Falling Bodies Questions

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March 2013

3 A ball of mass 0,2kg is dropped from a height of 0,8m onto a hard floor. It bounces to a maximum height of 0,6m. The floor exerts a force of 50 N on the ball. Ignore the effects of friction.

3.1 Write down the magnitude and direction of the force that the ball exerts on the floor. (2)
3.1   50N

3.2 Calculate the:

3.2.1 Velocity at which the ball strikes the floor (4)
3.2.1

3.2.2 Time that the ball is in contact with the floor if it bounces off the floor at a speed
of 3,43 m.s-1 (4)
3.2.2

3.3 The ball takes 0,404s from the moment it is dropped until it strikes the floor. Sketch a graph (not to scale) of position versus time representing the entire motion of the ball.
USE THE GROUND AS ZERO REFERENCE.

Indicate the following on the graph:
• Height from which the ball is dropped
• Height reached by the ball after the bounce
• Time at which the ball bounces off the floor (5)
3.3
OPTION 1
Ground as zero reference and downward negative:



OPTION 2
Ground as zero reference and downward positive:



March 2012

3 A stone is thrown vertically upward at a velocity of 10ms-1 from the top of a tower of height 50m. After some time the stone passes the edge of the tower and strikes the ground below the tower. Ignore the effects of friction.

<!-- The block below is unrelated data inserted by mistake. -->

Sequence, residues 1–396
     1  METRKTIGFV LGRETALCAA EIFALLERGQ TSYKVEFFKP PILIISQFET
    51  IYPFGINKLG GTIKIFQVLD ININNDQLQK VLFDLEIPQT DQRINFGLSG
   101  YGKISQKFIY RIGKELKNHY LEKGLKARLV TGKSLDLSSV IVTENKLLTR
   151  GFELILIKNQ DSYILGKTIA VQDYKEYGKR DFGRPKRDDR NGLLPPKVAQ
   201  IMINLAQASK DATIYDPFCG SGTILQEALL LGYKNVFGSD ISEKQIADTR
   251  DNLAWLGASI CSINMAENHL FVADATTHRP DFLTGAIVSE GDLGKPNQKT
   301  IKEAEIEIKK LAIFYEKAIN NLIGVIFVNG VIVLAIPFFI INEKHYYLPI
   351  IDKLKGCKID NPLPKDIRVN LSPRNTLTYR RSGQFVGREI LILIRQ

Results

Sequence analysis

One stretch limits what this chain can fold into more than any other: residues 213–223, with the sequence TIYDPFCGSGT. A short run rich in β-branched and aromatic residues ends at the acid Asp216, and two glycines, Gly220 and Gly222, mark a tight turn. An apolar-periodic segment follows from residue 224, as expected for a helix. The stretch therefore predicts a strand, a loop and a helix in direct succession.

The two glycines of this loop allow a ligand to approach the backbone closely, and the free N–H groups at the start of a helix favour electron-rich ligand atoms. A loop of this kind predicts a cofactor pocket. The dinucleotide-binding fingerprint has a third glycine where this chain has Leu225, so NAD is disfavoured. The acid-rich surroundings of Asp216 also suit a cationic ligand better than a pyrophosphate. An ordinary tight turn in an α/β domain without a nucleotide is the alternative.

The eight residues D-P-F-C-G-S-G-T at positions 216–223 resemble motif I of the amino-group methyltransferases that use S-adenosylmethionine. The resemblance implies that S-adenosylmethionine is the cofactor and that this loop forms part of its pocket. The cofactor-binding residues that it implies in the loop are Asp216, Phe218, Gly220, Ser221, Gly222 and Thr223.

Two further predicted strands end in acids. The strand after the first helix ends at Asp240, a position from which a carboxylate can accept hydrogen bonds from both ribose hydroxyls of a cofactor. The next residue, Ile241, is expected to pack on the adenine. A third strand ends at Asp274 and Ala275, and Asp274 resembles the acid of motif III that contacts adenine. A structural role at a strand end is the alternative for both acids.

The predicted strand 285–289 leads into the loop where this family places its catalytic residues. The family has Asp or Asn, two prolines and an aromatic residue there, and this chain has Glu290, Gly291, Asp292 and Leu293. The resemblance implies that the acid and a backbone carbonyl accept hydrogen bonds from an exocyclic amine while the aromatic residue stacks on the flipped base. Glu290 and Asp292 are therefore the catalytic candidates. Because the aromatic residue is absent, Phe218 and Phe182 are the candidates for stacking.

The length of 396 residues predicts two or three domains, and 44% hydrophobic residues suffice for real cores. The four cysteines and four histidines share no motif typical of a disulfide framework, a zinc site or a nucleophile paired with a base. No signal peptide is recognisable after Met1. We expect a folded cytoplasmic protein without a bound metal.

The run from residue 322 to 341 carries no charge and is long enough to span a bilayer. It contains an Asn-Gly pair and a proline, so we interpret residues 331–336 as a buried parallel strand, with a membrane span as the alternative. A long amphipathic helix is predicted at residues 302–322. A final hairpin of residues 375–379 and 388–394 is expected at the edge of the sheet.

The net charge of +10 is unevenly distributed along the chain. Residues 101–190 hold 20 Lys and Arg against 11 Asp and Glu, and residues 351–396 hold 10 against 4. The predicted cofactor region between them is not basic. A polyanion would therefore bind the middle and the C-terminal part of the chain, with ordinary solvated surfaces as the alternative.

3.1 Draw a labelled free-body diagram showing the force(s) acting on the stone during its motion. (1)
3.1

3.2 Calculate the:

3.2.1 Time taken by the stone to reach its maximum height above the ground (4)
3.2.1

3.2.2 Maximum height that the stone reaches above the ground (4)
3.2.2

3.3 USING THE GROUND AS REFERENCE (zero position), sketch a positiontime graph for the entire motion of the stone. (3)
3.3


OR


3.4 On its way down, the stone takes 0,1s to pass a window of length 1,5m, as shown in the diagram above. Calculate the distance (y1) from the top of the window to the ground. (7)
3.4
Calculate the initial velocity at which it reached the top of the window.